Moviemaking is on the mind lately at USF, but that doesn’t mean filmmakers are a new export from the school.
USF’s fourth year in the world’s largest student film festival, Campus MovieFest (CMF), launches Thursday. USF mass communications major Sarah Wilson made headlines in 2009, when her short film “Rhapsody” won the CMF International Grand Finale at Paramount Studios.
Yet even before Wilson, films have been made by USF graduates.
The Oracle looks at four directors, writers and producers who have emerged from USF into the entertainment world.
Kurt Wimmer offers perhaps the most popular film pedigree of any USF graduate, as a successful screenwriter and the mind behind the action vehicles “Equilibrium” and “Ultraviolet.”
Wimmer graduated from USF in 1987 with a degree in art history, a move that he said left him “completely disillusioned” with art until he scripted 1999’s artwork-heist film “The Thomas Crown Affair.”
His 2002 dystopian sci-fi film “Equilbrium” made less than $6 million back of its approximately $20-million budget, but has since gained a cult following for its invention of the firearms-martial arts style “Gun Kata,” which he imagined.
Wimmer has achieved more commercial success with his recent screenplays, which include “Law Abiding Citizen” and “Salt,” and he is currently penning a “Total Recall” remake.
Though Aasif Mandvi might be best known for his work as a correspondent on “The Daily Show with Jon Stewart,” he also created, co-wrote and starred in an indie culinary comedy called “Today’s Special.”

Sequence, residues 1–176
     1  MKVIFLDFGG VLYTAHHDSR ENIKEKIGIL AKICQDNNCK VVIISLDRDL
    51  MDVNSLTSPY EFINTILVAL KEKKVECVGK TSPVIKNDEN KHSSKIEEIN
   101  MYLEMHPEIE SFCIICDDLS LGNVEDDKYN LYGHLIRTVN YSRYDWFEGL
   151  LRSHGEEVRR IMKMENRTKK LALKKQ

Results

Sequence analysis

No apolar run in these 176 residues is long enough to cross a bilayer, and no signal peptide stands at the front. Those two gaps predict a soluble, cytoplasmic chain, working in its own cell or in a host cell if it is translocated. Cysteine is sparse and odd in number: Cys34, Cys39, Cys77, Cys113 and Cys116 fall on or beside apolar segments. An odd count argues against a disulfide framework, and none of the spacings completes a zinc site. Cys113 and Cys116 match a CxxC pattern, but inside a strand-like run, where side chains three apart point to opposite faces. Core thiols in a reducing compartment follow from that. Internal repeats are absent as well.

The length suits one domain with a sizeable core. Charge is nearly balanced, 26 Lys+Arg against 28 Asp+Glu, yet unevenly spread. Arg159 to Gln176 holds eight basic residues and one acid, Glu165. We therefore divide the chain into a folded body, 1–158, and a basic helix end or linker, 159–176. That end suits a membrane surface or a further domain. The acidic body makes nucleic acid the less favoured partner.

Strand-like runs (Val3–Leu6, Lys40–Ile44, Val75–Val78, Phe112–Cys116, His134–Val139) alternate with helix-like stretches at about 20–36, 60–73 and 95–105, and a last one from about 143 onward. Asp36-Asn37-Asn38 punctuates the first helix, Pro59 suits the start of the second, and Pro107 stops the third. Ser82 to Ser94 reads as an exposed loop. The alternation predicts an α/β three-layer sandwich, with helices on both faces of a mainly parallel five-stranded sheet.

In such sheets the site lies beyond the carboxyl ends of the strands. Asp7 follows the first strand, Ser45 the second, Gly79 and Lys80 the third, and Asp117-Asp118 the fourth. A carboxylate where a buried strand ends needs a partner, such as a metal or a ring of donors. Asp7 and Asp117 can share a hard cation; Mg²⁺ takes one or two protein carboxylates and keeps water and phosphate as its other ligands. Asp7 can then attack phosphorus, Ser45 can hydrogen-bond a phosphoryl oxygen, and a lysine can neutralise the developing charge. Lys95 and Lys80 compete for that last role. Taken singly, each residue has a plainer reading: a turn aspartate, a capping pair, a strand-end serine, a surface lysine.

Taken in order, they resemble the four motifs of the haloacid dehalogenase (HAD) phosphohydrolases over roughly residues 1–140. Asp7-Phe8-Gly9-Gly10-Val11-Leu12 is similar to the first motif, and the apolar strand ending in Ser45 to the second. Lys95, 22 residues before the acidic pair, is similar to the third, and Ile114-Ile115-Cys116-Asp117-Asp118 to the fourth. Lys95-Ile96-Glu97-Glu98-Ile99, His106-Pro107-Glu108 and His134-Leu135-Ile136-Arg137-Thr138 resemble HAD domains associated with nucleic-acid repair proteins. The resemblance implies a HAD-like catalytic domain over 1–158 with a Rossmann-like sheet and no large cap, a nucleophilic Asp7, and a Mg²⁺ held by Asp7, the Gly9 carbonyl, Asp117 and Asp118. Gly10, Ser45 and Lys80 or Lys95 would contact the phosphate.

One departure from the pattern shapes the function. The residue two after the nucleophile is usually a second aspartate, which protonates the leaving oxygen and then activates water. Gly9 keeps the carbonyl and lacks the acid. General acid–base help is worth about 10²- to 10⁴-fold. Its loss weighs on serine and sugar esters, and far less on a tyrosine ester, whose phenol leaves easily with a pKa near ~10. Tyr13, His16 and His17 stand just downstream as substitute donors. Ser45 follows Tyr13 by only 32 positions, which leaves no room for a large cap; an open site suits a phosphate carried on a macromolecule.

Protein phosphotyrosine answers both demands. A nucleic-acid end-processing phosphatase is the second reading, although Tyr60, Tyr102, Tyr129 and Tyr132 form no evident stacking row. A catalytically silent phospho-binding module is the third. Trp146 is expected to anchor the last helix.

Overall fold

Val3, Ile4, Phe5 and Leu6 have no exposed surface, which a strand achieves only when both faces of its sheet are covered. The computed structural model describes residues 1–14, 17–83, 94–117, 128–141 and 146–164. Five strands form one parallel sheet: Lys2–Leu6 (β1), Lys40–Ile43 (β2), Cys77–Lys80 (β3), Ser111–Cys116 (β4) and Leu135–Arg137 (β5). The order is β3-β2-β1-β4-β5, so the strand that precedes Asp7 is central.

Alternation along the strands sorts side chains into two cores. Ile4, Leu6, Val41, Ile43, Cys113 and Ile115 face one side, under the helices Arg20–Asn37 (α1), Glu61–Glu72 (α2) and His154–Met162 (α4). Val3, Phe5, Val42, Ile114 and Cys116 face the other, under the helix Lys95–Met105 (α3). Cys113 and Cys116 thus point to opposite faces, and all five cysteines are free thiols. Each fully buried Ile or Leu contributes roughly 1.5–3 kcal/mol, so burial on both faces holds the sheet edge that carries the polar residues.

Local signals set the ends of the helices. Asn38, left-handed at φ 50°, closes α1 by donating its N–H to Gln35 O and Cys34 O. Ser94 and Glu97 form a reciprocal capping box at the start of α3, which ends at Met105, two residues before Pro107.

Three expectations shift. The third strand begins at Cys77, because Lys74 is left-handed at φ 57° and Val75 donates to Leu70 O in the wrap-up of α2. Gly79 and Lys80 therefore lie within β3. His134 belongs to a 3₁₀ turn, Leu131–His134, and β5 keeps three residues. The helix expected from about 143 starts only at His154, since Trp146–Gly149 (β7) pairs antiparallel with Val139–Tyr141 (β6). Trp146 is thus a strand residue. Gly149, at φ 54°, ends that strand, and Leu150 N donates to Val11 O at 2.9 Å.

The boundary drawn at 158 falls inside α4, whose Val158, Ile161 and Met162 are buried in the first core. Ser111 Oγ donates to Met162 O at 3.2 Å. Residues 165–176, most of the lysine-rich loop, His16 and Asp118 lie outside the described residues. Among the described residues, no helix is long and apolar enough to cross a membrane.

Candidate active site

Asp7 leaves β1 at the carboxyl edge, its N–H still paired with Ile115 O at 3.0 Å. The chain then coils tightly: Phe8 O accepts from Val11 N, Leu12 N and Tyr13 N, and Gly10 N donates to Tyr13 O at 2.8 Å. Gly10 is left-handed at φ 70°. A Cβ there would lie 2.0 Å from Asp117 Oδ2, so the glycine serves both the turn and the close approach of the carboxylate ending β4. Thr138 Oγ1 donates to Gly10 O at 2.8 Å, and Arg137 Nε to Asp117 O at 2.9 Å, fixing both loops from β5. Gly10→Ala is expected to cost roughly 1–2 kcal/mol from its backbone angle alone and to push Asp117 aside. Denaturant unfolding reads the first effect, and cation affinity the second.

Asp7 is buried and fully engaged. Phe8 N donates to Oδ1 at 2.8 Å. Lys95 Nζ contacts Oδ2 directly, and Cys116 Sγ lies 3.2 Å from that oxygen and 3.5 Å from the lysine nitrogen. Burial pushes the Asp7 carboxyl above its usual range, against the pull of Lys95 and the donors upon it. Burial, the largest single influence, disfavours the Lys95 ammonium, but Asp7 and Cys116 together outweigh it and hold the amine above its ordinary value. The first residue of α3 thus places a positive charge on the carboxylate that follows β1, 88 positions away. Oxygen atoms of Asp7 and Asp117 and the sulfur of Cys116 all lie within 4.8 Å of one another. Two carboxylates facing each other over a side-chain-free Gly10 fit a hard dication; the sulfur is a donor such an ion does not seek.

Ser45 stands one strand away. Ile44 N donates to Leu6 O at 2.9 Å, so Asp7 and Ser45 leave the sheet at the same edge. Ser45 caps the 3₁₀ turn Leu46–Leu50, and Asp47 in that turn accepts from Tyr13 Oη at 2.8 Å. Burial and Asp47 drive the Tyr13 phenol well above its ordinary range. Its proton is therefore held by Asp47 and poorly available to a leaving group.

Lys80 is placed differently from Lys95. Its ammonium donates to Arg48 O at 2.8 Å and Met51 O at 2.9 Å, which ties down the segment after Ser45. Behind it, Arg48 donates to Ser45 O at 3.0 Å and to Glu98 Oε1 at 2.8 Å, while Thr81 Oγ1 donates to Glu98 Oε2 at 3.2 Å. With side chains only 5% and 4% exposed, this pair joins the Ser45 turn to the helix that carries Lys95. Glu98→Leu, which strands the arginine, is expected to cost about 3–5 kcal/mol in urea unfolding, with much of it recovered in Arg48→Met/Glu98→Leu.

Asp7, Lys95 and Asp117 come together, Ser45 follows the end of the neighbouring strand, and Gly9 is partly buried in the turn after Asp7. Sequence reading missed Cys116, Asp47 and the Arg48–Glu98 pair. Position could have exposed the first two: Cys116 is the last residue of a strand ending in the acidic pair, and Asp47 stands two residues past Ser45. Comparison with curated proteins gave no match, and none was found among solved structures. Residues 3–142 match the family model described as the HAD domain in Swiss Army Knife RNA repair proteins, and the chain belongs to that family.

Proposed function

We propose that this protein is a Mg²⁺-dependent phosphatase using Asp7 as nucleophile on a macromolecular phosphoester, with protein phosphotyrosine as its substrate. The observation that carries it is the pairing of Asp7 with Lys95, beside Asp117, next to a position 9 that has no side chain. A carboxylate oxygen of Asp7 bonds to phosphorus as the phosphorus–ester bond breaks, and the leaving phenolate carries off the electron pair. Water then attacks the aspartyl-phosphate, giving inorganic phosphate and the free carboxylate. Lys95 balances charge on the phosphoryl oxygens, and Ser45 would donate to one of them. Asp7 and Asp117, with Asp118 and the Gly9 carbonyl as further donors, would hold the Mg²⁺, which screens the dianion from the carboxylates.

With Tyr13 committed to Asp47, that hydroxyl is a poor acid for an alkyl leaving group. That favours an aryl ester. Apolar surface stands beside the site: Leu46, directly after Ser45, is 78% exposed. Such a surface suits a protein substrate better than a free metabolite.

After graduating from USF with a theater degree in 1989, Mandvi moved to New York City and struck success with his 1998 one-man play “Sakina’s Restaurant.” The production won an Obie award – the off-Broadway equivalent of a Tony.
“Today’s Special,” which is inspired by Mandvi’s play, follows sous chef Samir as he reluctantly gives up his aspirations of cooking in Paris to take over his father’s restaurant, Tandoori Palace, in Queens.
Mandvi even appeared in Filmmaker’s 2008 “25 New Faces of Independent Film” feature for the work.
Rick de Oliveira
After graduating USF in 1993 with a political science degree, Oliveira moved to Los Angeles and worked as a producer for “The Real World” and directed “The Real Cancun” a decade later.
Dubbed the “first reality feature film,” the movie followed 16 college students and their spring break debauchery in Cancun, Mexico.
Its merit as a documentary can be debated – in its quality, subject matter and that it features “The Ruins” actress Laura Ramsey – but it has since gained a few surprising fans.
Salon’s Michael Tully even called the film a “disturbingly relevant historical document” in its concurrence with the Iraq invasion.
A producer for exposes of a different sort than Oliveira’s, 2001 USF graduate Seth Keal has worked on two critically acclaimed documentaries through New York’s Break-Thru Films.
In 2007, Keal served as associate producer for “The Devil Came on Horseback,” which centers on former U.S. Marine Captain Brian Steidle and his attempts to raise awareness of Darfur genocide.
Keal continued working with directors Ricki Stern and Annie Sundberg in producing 2010’s “Joan Rivers: A Piece of Work.”
He additionally handled sound and camera equipment with the film’s cinematographer Charles Miller, another USF alumnus.